Repetition of words
Confusion with time or place
Drastic changes in mood and personality
Decreased or poor judgment
Withdrawal from social activities
Forget conversations, appointments or events, and not remember them later
Forget the names of family members and everyday objects
Difficulty in performing familiar tasks
Difficulty in reading and vision
Difficulty in speaking or writing right words to identify objects
Difficulty in solving simple problems
Age: Aging is the main risk factor for developing Alzheimer’s disease. About 5% of people above 65 years old have Alzheimer’s disease and this percentage increases by about 5% with each increment of 5 years. Although early or young onset Alzheimer's disease can affect people from around the age of 40.
Family history: Family history or genes affect risk of developing Alzheimer’s disease. However people who develop Alzheimer’s due to a genetic reasons are diagnosed at a age before 60 and they represent a very small portion of all cases of Alzheimer’s disease.
Down’s syndrome: Down's syndrome has a much higher risk of developing Alzheimer's disease. The genetic fault that causes Down's syndrome also causes a build-up of amyloid plaques. This lead to Alzheimer's disease in most people with Down's syndrome.
Education level: Having a high level of education and cognitively demanding job, the brain developes greater cognitive reserve which allows the brain to better cope with the early impacts of Alzheimer’s disease. So a low level of education in early life affects cognitive reserve and is one of the most significant risk factors for Alzheimer’s disease.
Head injury: Head injuries are most commonly caused by accidents, some type of sports and falls. People who have had a severe head injury may be at higher risk of developing Alzheimer's disease.
Cardiovascular risk factors: Cardiovascular risk factors are the most important ones and are linked to the health of our heart and blood vessels. Having high blood pressure (hypertension) or a high cholesterol level or uncontrolled diabetes or obesity increases the risk of Alzheimer’s disease.
Inactive lifestyle and lack of exercises: Exercising regularly is associated with a lower risk of developing Alzheimer’s disease. Physical activity is good for the heart and muscles and most probably helps the mind and the brain.
Smoking and alcohol: People who smoke and take alcohol are at a 45% higher risk of developing Alzheimer’s as compared to non-smokers.
Alzheimer’s disease has many side effects and complications that can create problems for the patient and their caregivers. Apart from physiological and behavioural changes, there are a number of medical complications that are part of Alzheimer’s disease. It is important for all caregivers to be aware of these conditions to minimize problems.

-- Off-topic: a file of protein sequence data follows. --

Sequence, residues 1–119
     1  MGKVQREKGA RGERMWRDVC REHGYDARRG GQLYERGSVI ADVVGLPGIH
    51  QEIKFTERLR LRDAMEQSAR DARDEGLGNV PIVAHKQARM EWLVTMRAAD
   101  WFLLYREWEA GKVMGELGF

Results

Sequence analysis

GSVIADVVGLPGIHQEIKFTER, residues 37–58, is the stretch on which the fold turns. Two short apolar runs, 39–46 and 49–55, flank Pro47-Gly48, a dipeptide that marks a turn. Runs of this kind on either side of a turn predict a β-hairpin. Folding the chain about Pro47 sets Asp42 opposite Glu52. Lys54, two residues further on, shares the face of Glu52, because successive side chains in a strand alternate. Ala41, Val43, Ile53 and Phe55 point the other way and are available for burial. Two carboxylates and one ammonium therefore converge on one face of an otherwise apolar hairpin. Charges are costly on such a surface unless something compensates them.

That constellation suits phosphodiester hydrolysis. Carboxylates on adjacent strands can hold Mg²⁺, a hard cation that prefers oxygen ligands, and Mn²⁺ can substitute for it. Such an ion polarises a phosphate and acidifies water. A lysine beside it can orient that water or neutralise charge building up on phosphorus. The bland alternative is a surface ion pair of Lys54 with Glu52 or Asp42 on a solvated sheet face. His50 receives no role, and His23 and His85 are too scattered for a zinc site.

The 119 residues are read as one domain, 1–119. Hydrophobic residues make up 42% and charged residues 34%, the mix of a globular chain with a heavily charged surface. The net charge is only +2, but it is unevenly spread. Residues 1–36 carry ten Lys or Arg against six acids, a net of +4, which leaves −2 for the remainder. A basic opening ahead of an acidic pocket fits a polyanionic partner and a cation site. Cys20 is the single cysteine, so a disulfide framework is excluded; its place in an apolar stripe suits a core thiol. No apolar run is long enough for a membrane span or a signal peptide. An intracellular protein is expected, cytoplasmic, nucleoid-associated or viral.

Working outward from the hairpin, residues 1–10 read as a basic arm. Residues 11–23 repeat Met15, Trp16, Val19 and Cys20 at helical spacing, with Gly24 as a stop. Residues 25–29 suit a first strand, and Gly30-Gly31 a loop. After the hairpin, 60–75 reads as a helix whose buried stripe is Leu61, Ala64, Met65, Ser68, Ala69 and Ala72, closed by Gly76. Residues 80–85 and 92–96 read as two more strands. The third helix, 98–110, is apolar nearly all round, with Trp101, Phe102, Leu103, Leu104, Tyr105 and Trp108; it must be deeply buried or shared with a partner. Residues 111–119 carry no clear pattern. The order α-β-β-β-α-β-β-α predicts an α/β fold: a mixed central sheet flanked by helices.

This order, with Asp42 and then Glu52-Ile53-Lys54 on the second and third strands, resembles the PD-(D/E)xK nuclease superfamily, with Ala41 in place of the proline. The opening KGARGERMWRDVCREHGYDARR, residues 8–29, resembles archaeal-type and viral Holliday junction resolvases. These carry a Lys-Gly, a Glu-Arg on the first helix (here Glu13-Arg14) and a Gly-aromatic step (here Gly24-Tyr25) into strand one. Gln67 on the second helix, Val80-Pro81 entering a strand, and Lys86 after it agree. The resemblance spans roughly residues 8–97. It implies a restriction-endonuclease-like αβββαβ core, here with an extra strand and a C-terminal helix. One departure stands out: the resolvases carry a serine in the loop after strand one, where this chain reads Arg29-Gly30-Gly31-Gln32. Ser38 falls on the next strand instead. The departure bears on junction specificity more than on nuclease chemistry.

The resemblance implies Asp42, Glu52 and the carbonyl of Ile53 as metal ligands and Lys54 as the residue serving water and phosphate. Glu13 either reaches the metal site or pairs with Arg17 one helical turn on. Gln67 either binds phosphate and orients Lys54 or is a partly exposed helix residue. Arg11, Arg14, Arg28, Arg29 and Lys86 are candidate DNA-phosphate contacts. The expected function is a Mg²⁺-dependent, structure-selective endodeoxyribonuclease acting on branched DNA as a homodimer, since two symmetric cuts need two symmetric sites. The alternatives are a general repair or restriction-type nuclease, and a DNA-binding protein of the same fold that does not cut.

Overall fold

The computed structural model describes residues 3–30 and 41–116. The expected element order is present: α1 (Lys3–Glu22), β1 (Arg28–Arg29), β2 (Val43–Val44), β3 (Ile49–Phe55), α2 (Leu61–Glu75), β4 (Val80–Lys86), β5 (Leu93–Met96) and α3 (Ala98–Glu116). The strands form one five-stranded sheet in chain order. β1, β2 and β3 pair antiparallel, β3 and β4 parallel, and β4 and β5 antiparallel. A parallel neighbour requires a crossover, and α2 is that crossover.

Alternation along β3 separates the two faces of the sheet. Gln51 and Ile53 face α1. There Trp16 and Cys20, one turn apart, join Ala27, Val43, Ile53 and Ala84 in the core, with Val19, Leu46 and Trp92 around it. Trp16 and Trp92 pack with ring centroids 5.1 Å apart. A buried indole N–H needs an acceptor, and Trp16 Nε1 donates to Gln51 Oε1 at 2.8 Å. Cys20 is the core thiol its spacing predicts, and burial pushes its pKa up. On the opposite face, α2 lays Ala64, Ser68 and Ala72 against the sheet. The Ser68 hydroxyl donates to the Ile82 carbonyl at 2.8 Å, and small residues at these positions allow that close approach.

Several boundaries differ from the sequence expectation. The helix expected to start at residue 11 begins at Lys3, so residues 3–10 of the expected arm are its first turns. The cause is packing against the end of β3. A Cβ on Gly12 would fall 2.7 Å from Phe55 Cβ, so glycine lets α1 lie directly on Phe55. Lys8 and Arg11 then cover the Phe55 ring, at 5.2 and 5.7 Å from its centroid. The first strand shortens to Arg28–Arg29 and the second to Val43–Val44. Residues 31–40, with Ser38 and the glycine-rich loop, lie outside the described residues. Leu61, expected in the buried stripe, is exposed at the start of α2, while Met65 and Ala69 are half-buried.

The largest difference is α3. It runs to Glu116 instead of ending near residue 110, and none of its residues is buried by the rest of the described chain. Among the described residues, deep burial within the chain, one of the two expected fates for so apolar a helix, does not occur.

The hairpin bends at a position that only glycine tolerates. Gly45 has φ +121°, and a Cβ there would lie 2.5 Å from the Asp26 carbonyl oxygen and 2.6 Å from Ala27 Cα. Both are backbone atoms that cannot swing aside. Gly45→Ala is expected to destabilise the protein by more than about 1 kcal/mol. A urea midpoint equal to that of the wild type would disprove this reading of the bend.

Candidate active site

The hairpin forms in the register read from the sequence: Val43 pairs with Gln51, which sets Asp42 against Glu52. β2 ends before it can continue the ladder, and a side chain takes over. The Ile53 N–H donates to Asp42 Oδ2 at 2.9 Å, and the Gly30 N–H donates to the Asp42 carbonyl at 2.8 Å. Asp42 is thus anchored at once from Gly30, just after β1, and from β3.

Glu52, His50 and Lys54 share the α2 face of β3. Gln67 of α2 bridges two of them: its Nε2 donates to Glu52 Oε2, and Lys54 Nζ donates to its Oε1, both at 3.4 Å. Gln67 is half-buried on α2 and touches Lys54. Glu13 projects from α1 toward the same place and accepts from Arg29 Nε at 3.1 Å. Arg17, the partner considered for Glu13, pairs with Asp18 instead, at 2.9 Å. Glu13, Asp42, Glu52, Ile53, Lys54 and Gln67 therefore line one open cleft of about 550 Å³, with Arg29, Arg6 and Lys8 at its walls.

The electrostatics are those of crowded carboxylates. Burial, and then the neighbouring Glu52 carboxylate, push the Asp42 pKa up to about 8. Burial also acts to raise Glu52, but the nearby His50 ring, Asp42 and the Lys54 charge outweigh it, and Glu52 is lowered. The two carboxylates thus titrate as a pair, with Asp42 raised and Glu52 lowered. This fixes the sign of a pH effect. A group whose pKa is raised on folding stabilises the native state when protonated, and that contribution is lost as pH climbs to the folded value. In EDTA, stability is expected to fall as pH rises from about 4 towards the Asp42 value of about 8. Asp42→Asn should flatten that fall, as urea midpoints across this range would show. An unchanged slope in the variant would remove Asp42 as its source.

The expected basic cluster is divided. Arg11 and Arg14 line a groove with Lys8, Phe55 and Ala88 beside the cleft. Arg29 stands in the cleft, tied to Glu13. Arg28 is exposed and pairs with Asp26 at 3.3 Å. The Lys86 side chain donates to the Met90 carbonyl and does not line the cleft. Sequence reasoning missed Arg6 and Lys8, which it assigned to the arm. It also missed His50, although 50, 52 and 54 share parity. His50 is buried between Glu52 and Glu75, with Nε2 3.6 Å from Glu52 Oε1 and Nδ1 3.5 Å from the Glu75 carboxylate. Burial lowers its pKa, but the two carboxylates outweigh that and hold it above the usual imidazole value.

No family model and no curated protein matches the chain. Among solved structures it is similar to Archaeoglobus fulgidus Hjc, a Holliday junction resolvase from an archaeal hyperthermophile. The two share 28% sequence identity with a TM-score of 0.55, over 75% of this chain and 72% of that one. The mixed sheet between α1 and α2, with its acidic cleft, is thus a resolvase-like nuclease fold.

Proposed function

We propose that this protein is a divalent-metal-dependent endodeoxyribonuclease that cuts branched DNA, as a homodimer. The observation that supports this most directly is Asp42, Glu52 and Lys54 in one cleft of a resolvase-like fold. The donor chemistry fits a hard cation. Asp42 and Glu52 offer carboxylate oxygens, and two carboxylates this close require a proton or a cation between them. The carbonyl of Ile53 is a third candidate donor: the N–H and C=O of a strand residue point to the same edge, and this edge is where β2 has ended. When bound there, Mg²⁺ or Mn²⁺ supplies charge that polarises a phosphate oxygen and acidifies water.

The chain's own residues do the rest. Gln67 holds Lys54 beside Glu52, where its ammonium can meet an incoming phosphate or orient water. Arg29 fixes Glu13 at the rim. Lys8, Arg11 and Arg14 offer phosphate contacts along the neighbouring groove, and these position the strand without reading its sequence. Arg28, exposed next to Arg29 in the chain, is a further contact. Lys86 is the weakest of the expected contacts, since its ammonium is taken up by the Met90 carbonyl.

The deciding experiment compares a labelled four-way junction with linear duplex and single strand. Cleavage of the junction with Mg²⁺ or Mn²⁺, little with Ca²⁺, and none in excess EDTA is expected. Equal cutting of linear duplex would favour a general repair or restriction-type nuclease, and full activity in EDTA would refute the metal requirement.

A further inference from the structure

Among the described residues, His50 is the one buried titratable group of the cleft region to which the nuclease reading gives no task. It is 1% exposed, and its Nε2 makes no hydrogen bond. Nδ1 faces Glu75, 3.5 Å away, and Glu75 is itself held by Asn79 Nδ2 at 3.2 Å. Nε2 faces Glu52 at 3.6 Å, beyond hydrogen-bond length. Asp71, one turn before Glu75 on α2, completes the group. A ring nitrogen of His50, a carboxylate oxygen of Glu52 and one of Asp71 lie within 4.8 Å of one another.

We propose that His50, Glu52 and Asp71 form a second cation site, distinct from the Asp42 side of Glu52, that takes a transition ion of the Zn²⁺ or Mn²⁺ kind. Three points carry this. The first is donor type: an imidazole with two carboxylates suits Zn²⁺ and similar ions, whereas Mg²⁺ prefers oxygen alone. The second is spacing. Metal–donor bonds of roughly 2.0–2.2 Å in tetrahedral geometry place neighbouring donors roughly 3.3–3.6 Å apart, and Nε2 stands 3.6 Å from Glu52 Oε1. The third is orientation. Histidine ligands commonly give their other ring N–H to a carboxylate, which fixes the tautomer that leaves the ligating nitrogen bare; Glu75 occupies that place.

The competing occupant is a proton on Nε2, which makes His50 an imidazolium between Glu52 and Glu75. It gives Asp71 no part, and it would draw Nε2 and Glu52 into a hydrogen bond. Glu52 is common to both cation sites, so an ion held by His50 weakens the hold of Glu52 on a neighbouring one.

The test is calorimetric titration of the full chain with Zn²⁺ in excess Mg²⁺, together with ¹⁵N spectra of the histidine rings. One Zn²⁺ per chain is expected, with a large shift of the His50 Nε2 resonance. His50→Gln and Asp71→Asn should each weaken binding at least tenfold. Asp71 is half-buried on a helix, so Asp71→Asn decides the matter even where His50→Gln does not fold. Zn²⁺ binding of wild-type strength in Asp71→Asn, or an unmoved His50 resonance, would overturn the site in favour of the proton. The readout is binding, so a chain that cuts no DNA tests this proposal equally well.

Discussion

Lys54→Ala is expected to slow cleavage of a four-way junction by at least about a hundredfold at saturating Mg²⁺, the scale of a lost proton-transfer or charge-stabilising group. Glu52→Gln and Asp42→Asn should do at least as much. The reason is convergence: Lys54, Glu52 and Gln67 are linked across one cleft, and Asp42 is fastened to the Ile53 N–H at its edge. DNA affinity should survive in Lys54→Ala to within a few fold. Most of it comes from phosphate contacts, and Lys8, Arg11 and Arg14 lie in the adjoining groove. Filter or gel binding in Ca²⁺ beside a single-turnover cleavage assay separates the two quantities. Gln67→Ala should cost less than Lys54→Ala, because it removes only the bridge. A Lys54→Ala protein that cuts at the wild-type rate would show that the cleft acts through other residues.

Infections: People with this disease tend to lose bladder control and thus a urinary catheter might become necessary. Since they are at high risk for infections they might develop Urinary Tract Infection (UTI).
Injuries: People who have Alzheimer’s disease may fall which can cause serious injuries. Many people with the disease have to use a stick or walker but they may not remember that they need to use them. That is how many serious falls can happen.
Insomnia: This is a common complication that arises due to this disease. With degeneration of thought-processes as well as physical capabilities, there could be major changes in sleeping habits. Sufferers might either over-sleep or suffer from insomnia for a prolonged period of time.
Depression: Depression due to Alzheimer’s disease has been recognized as a medical complication that accompanies this condition. Most sufferers suffer from severe depression during the initial phase of the disease, as they realize that they are losing the physical and mental capabilities. Recognizing depression in a sufferer of Alzheimer’s disease is rather difficult since the symptoms can be somewhat obscured by the symptoms of the disease itself.
There is no single diagnostic test to determine whether a person has Alzheimer’s disease or not. However, a series of clinical and physiological examination mentioned below are carried out to diagnose this condition.
A complete medical and psychiatric history
A neurological exam
A mental status exam
Brain imaging tests like MRI (Magnetic Resonance Imaging) or CT (Computerized Tomography) scan
Disease processes imaging test performed with Positron Emission Tomography (PET) like Fluorodeoxyglucose (FDG) PET, Amyloid PET imaging and Tau PET imaging
Interviews with friends and family
There is no treatment that cures Alzheimer's disease or alters the disease process in the brain. In advanced stages of the disease, complications from severe loss of brain function such as dehydration, malnutrition or infection result in death.
Cognitive stimulation therapy (CST): Taking part in group activities and exercises designed to improve memory and problem solving skills.
Reminiscence therapy: Discussion of past experiences to jog a patient’s memory. It usually involves photos, favourite possessions or music.
Simulated presence therapy: Playing a recorded voices of the closest relatives to reduce challenging behaviour.
Validation theory: This is based on accepting the reality about dementia and moving past it to get better.
Cognitive rehabilitation: This technique involves working with a trained professional, such as an occupational therapist, and a relative or friend to achieve a personal goal, such as learning to use a mobile phone or other everyday tasks. Cognitive rehabilitation works by getting you to use the parts of your brain that are working to help the parts that are not.
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